Hempcrete and Bricklaying Begin
Hempcrete can only be found in a handful of buildings but it’s only a matter of time before this insulation technique spreads. Hempcrete is a mixture of lime, water and hemp shives (core of the stem) packed into the wall cavities boarded with plywood forms that leap frog upward, similarly to the slip straw walls we have already completed, as you finish a layer. Also like the slip straw, this will take at least a few weeks to dry before it can be plastered. We were hoping that the mixer that was bought for the course would be ideal for mixing the hempcrete but it wasn’t to be. The mix we were looking for was heavy on the hemp so that the curing time is as quick as possible without compromising the structural integrity or insulating qualities of the finished product. This meant that we could only mix in about half the hemp we wanted in the mixer or else a big gooey mess resulted. After adding in the second half of the hemp into the first couple of batches by hand, a member of the crew known for his staggering genius suggested using the tiller we had on site to break up the hard clay used in the slip and plaster to incorporate the remaining hemp into the mix. Thankfully it worked very well, much to the delight of all that had toiled away mixing the first two batches by hand.
Something we neglected to add to the journal in the weeks leading up the break was all the hard work happening on green roof. There was plenty to do laying the waterproofing membrane, border lip, and layers of growing medium. In fact, one morning saw the entire course commandeered into a makeshift bucket brigade to send all that gravel and sand up to the roof via some scaffolding and many pairs of hands. We have a great professional working with us, who also happens to be an alumni of the course, to get this done right. It will be very exciting to see the native plant species that will be planted up there hopefully thriving next season.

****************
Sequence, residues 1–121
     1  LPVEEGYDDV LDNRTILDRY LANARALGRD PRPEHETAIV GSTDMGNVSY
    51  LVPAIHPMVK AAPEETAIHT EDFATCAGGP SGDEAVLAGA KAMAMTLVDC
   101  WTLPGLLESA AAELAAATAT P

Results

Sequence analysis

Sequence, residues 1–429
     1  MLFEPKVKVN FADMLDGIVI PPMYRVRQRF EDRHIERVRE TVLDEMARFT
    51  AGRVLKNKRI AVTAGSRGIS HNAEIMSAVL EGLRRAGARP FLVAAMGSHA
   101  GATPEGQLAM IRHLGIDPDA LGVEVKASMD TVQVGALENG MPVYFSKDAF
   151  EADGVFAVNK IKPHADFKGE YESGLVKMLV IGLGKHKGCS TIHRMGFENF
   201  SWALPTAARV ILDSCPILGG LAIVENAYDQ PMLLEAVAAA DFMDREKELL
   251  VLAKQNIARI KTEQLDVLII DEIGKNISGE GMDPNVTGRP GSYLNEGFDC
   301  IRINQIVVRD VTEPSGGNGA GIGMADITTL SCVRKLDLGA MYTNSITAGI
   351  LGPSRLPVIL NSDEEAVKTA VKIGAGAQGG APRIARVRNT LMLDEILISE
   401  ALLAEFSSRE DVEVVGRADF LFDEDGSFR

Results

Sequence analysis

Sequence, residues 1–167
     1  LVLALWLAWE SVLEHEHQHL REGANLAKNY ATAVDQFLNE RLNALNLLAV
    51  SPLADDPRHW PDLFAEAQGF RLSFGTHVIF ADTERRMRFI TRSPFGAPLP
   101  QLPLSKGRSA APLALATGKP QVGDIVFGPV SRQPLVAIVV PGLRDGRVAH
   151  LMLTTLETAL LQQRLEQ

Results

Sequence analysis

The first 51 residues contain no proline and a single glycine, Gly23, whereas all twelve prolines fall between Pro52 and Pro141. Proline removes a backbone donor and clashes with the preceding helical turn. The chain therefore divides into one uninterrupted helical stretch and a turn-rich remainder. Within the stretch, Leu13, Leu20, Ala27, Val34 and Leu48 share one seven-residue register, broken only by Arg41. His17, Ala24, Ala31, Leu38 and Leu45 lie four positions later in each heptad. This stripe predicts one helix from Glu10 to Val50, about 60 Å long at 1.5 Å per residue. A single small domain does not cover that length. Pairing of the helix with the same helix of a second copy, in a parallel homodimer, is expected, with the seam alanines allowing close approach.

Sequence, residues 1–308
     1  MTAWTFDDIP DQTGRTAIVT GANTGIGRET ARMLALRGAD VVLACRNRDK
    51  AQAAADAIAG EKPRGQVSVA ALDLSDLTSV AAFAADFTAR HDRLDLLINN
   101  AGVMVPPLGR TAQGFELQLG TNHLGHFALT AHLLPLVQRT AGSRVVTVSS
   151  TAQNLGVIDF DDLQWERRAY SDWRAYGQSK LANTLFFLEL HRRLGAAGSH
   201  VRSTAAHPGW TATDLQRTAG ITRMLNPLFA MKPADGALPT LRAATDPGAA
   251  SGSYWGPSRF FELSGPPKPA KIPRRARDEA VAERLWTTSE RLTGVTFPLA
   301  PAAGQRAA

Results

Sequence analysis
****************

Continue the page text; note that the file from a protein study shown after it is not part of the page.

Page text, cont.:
One other big job that began this first week back from our reading week was laying the brick wall that separates the foyer from the main hall section of the building. Using reclaimed brick from the area, a few lucky students along with Kevin Dunfield of Dunfield Masonry, began putting together what will be a focal point of the interior. The wall contains two arched openings and so far looks like it will be spectacular. In addition to this brick section, the interior walls team also added the wooden framing that will enclose the office and mechanical room, and the metal studs that will divide the two bathrooms and food preparation/arts and crafts area.
As the time begins to melt away quickly, it was also nice to see some painting going on as well as much preparation for the shingles to start to be installed next week. Things are really coming together nicely on site and as always we encourage everyone to stop by and check our progress on Tuesdays between 5:30 and 6:30.